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Sedgwick Museum of Earth Sciences


Ediacaran Enigmas: Resolving the fossil record of early animals

Drs Alex Liu, Jennifer Hoyal Cuthill, Emily Mitchell and doctoral student Charlotte Kenchington.

March 2014

This display was a snapshot of the research taking place in the Department of Earth Sciences at Cambridge on fossils from the 540-580 million year old Ediacaran Period, known as the 'Ediacaran Biota'. These completely soft-bodied organisms were some of the earliest complex multicellular life on Earth and included the first fossils that can be recognised as animals. The display focused on one group, the frond-shaped Rangeomorphs. These organisms were like nothing else that has ever been discovered and studies in Cambridge are attempting to better understand these 'Ediacaran enigmas'.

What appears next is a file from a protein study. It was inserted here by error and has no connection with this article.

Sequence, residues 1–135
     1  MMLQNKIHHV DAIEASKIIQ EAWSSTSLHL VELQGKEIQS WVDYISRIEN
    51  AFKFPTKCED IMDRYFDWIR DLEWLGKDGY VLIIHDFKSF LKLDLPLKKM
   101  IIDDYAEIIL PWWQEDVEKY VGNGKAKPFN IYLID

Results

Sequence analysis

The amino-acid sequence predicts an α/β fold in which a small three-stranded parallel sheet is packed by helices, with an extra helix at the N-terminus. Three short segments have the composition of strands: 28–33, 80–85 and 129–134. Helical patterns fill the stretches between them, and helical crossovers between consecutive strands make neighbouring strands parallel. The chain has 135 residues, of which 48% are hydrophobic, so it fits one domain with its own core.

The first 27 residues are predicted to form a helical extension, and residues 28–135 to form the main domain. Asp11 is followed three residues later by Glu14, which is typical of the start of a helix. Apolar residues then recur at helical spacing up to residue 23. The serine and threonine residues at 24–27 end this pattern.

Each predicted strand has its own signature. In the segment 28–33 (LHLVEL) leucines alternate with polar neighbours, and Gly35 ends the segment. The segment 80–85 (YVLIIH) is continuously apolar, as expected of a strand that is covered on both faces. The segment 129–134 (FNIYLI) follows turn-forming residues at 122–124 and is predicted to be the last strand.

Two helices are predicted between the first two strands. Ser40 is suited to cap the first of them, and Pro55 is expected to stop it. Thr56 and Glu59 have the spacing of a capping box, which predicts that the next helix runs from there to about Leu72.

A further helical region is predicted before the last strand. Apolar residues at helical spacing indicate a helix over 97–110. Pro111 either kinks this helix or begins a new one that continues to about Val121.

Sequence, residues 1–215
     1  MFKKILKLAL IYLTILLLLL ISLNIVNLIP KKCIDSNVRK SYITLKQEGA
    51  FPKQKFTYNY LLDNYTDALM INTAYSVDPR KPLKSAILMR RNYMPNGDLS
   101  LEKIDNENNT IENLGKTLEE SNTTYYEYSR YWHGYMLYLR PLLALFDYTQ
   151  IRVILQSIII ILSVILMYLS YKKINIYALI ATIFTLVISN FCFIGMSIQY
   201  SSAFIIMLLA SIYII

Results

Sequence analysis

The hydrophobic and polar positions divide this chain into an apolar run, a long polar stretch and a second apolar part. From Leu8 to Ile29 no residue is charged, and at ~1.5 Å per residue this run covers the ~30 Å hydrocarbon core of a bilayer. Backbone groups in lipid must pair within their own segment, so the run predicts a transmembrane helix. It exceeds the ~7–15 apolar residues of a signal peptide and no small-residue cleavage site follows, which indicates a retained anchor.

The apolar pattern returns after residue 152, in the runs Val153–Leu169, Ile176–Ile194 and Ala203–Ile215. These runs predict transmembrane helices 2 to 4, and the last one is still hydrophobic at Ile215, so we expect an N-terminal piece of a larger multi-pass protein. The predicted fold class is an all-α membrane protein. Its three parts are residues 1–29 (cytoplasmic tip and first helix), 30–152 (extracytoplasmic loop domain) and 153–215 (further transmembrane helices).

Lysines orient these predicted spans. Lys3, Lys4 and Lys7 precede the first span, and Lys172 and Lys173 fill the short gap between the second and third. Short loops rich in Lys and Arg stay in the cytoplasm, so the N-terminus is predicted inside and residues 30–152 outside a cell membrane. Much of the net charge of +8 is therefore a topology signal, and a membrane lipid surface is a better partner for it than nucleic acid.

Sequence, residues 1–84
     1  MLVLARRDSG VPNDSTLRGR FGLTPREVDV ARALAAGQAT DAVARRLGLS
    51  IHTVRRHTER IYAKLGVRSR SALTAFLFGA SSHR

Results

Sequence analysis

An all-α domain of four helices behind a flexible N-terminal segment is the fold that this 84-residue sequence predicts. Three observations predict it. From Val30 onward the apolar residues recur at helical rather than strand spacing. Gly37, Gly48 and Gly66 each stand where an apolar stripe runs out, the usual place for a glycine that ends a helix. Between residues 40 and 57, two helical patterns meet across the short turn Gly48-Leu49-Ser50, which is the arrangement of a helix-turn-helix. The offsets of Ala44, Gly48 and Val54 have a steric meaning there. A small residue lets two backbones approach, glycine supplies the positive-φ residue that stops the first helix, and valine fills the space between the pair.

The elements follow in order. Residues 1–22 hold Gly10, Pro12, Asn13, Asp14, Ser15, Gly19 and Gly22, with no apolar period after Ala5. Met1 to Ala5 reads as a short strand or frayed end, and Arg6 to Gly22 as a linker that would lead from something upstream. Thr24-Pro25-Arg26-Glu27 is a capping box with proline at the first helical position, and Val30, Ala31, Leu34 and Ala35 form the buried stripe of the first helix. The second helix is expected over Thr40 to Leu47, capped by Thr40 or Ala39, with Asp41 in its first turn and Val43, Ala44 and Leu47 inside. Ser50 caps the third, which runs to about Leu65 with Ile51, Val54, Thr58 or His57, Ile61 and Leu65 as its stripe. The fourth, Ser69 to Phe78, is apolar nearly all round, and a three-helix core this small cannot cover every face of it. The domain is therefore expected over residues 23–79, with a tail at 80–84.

Casts of fossils from Newfoundland in Canada were displayed alongside ones from Charnwood Forest in Leicestershire. This was the first time most of these specimens had been on display anywhere in the world. Also on display were 3D mathematical digital models of these organisms, produced using current research, which try and interpret how some of these organisms may have looked in life. The research in Cambridge made this the most up-to-date and accurate display on Ediacaran fossils in the UK.


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